This paper proposes a policy-relevant definition of housing market efficiency and a set of indicators for measuring the responsiveness of housing supply.

  • Project dates: 2014–2015

Over the past decade, and particularly since the Global Financial Crisis (GFC), there has been increasing policy interest in relationships between housing and the wider economy, both in Australia (Berry & Dalton 2004; Beer et al. 2011; Yates 2011) and internationally (Muellbauer & Murphy 2008; OECD 2011; Levitin & Wachter 2013). Such work highlights how economic goals including industry productivity, high employment, and overall financial stability are threatened by poorly functioning housing markets.

Further, as highlighted by a number of studies and government inquiries in Australia, policy settings designed to encourage home ownership and property investment may exacerbate price inflation and consequent affordability pressures for lower income groups without supporting aspiring purchasers or generating new housing supply (Parliament of Australia 2008; Yates 2010; Wood et al. 2012a). Although there has been considerable policy development around these distortions (Henry et al. 2010; Wood et al. 2012b), a key additional area for policy intervention is around the supply of new housing in response to demand (National Housing Supply Council (NHSC) 2014).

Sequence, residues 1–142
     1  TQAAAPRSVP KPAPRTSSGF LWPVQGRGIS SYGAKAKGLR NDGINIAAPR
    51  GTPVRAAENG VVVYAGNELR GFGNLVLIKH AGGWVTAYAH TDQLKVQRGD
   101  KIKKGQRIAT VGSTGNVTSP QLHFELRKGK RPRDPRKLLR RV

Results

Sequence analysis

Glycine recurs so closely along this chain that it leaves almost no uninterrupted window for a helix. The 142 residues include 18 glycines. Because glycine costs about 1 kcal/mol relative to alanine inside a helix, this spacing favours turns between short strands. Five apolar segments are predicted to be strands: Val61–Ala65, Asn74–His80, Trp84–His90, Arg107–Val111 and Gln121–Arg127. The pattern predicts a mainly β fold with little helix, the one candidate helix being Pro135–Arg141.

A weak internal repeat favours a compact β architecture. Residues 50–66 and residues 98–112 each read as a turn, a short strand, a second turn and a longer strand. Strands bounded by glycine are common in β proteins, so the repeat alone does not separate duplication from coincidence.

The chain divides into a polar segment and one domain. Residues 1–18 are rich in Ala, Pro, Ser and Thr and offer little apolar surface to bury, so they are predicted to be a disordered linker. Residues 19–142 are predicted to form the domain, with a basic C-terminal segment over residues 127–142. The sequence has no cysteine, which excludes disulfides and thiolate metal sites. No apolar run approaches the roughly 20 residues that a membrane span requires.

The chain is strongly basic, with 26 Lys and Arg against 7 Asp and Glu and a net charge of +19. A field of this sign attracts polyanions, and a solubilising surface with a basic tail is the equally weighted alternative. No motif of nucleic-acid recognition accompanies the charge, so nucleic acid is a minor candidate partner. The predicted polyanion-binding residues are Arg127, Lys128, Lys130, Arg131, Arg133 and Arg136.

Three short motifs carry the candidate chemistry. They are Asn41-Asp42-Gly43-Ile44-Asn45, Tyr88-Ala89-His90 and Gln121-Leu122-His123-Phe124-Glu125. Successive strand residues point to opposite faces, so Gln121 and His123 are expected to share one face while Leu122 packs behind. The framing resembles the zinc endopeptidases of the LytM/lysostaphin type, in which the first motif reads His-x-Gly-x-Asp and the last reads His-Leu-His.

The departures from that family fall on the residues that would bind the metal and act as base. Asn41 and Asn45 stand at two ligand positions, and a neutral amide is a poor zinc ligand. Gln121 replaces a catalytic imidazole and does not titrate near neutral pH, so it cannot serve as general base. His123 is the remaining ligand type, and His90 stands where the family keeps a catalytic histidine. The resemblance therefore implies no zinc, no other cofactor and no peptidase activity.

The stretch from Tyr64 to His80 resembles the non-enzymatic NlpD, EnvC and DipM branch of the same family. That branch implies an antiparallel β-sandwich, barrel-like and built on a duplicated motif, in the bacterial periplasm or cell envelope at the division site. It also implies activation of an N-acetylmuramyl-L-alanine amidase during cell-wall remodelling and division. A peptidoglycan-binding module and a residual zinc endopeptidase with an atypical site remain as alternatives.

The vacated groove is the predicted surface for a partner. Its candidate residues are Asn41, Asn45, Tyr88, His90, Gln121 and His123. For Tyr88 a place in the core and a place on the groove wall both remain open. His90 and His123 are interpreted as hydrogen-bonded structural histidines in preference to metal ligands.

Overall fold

Despite concerted efforts by the Australian states and territories to reduce regulatory burdens perceived to affect housing supply (COAG Reform Council 2012b), overall there has been very limited analysis of the efficacy of these reforms in alleviating supply pressures. Further, although Australia’s National Affordable Housing Agreement (NAHA) identifies a number of outcomes relating to the supply of housing, including that ‘people are able to rent housing that meets their needs; that people can purchase affordable housing’ and that ‘people have access to housing through an efficient and responsive housing market” (COAG 2009, p.4 [italics added]), there has been very little systematic analysis of the capacity for regional and local urban planning policy and procedural frameworks to respond to changing housing needs and affordability pressures in Australia. Indeed, although performance against the NAHA is subject to annual review (Steering Committee for the Review of Government Service Provision (SCRGSP) 2012, 2014), outcome 3—’an efficient and responsive housing market’ remains unmeasured.

Key People

Lead researchers

Professor Robin Goodman

Professor Robin Goodman

Dean, School of Global, Urban and Social Studies

Professor Mike Berry

Professor Mike Berry

Emeritus Professor

Related Content

Research Programs

Housing & Urban Economics

Developing a better understanding of how policy and economic activities can be enacted to improve micro- and macro-economic prosperity.